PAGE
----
|Foundation courses (16 credits):|
|SLP 601||Introduction to Research in Speech-Language Pathology|
|SLP 602||Advanced Language Acquisition|
|SLP 603||Bilingual/Multicultural Foundations I|
|SLP 606||Advanced Neuroanatomy for Speech-Language Pathology|
|SLP 608||Seminar in Speech-Language Pathology|
|SLP 620||Comparative Phonology and Phonological Disorders|
|Higher-Level Courses (40 credits):|
|SLP 604||Bilingual/Multicultural Foundations II
|SLP 605||Diagnostic Process|
|SLP 607||Advanced Clinical Audiology|
|SLP 609||Speech Science and Instrumentation|
|SLP 621||Fluency Disorders|
|SLP 622||Voice Disorders|
|SLP 627||Motor Speech Disorders|
|SLP 630||Topics In Communication Disorders|
|SLP 639||PRAXIS Exam Preparation|
|SLP 640||Language Disorders in Children|
|SLP 641||Aphasia and Adult Neurogenic Disorders|
|SLP 642||Speech-Language-Hearing Service in Schools for Language/Learning Disabilities|
|SLP 644||Speech-Language-Hearing Services in Multicultural/Multilingual School Settings|
|SLP 720||Independent Study-Research on Disorders of Speech|
|Practicum sequence (6 credits):|
|SLP 610A||Clinical Practicum: Introduction to the Treatment of Speech-Language and Hearing Disorders|
|SLP 610B||Clinical Practicum: Introduction to the Treatment of Speech-Language and Hearing Disorders|
|SLP 611A||Intermediate Clinical Practicum in the Treatment of Speech-Language and Hearing Disorders|
|SLP 612A||Advanced Clinical Practicum: Assessment and Treatment Speech-Language and Hearing Disorders|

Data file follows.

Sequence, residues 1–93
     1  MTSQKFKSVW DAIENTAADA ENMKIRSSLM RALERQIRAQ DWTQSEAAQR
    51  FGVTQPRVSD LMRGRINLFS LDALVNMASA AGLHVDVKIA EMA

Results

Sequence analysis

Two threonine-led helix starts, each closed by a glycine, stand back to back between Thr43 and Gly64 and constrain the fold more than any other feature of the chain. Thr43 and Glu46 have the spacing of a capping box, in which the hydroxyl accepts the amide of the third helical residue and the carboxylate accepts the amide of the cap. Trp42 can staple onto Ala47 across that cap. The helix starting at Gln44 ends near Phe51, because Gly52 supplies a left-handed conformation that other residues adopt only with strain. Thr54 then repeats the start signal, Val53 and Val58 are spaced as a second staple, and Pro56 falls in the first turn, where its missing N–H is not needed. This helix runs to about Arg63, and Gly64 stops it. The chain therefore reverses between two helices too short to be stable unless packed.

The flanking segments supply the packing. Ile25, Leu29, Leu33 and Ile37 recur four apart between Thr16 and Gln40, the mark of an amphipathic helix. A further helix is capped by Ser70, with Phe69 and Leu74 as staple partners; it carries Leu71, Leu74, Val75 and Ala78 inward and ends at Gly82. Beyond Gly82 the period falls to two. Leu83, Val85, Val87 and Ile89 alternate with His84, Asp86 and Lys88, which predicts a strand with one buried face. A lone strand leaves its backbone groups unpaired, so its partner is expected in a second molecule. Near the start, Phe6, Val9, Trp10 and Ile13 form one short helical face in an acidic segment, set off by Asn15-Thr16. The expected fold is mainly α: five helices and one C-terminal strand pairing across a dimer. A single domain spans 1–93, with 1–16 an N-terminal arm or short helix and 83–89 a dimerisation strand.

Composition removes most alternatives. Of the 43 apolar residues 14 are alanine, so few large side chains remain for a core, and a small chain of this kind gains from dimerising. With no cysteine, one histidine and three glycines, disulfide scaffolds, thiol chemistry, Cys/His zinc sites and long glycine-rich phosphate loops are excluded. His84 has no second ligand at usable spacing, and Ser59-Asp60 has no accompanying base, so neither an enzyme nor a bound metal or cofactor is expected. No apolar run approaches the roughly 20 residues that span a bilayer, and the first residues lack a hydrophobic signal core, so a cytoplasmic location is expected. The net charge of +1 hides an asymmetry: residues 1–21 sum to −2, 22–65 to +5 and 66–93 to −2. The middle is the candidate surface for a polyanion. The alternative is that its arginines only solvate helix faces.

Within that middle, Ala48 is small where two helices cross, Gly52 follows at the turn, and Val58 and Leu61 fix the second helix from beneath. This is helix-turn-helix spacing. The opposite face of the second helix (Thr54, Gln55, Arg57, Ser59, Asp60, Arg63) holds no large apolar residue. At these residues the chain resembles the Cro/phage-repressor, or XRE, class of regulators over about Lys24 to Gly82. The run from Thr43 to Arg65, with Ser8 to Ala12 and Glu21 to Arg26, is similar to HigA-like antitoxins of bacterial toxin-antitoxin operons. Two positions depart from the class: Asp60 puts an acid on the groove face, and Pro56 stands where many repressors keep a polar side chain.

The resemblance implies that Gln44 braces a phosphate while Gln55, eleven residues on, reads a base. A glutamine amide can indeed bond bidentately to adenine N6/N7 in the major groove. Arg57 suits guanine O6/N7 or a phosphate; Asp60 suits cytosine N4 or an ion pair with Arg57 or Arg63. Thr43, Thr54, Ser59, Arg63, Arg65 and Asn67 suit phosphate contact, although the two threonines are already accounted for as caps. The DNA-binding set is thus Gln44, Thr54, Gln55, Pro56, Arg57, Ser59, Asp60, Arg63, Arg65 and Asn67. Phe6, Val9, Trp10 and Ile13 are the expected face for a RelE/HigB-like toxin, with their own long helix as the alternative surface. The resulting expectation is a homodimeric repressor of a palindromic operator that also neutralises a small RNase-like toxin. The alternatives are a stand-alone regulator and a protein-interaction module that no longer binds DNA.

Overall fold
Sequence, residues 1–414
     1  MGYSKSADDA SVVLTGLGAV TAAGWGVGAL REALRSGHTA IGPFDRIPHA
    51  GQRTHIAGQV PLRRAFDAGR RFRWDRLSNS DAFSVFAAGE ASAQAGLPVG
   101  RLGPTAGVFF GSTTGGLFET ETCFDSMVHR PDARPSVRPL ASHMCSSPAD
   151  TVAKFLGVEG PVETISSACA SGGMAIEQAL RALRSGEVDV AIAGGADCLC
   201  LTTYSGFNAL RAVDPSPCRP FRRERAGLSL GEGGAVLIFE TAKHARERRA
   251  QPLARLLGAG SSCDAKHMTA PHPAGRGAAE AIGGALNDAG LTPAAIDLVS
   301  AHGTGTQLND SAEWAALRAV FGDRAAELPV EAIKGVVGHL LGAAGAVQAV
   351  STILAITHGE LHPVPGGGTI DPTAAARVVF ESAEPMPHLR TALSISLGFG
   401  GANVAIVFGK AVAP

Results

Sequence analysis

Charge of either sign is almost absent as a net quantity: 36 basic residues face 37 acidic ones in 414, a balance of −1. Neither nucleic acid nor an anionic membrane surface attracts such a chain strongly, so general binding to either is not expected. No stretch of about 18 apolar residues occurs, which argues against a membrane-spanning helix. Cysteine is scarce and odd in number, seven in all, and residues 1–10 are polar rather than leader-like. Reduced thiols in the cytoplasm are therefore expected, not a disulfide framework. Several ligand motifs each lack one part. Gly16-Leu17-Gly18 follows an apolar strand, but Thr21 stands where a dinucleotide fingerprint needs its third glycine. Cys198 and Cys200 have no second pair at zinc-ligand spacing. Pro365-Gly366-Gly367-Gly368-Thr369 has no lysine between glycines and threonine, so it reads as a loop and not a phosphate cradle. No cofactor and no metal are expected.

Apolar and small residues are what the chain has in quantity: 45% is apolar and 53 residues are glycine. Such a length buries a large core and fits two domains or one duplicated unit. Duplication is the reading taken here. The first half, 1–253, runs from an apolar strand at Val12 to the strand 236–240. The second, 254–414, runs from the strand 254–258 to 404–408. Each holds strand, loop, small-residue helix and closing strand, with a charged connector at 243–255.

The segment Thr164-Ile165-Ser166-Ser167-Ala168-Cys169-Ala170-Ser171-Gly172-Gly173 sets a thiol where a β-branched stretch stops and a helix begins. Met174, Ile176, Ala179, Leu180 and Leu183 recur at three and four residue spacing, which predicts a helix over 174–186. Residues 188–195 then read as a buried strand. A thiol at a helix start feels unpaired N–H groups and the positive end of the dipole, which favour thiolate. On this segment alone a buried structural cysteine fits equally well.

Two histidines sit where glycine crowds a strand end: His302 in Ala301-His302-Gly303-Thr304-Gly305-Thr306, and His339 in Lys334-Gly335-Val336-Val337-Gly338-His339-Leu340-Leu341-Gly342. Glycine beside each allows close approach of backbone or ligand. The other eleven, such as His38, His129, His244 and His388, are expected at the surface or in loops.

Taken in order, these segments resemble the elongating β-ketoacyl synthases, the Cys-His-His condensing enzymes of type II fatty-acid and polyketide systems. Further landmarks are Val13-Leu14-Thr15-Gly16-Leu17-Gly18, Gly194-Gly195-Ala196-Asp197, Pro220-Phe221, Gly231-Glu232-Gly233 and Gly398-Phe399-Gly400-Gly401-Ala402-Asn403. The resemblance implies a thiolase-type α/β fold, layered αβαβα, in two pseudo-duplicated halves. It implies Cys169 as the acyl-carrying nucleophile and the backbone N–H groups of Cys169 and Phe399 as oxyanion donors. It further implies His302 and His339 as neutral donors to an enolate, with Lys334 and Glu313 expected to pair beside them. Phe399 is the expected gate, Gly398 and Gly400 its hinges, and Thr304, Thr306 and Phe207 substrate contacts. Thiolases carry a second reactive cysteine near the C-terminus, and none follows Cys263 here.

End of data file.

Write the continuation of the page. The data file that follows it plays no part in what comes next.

|Diagnostic Practicum Courses (3 credits):|
|SLP 614A/B||Diagnostic Practicum: Children/Adults|
|SLP 615A||Practicum in Audiology|
||Extended Clinical Practicum
|SLP 616||Clinical Observation|
|SLP 700||Academic Literacy|
|Praxis Examination Pass Rate|
|Period||Number of Test Takers||Number of Test Takers Passed||Pass Rate|
|3 Year Average||84.29%|
|Period||Number of Graduates Employed||Number of Graduates Not Employed||Total|
|3 Year Average||96.69%|
|Program Completion Rate|
|Period||Number completing on time||Number completing later than on-time||Number not completing||Total|
|3 Year Average||95.86%|
*Data are reported from September to August for each of the years listed
Length of Time for Students to Complete Residential Program of Study
Miriam Baigorri, Ph.D., CCC-SLP, Assistant Professor
Jessica M. Baquero MS, CCC-SLP, Assistant Professor & Clinical Placement Coordinator
Gemma Moya-Galé, Ph.D., CCC-SLP, Assistant Professor
Nelson Moses, Ph.D., CCC-SLP, Professor & Program Director
Marisa Nagano, Ph.D., Assistant Professor
Martha Tyrone, Ph.D., Associate Professor, Department Chair
Katrien Vermeire, Ph.D., CCC-A, Visiting Professor
Gina Youmans, Ph.D., CCC-SLP, Associate Professor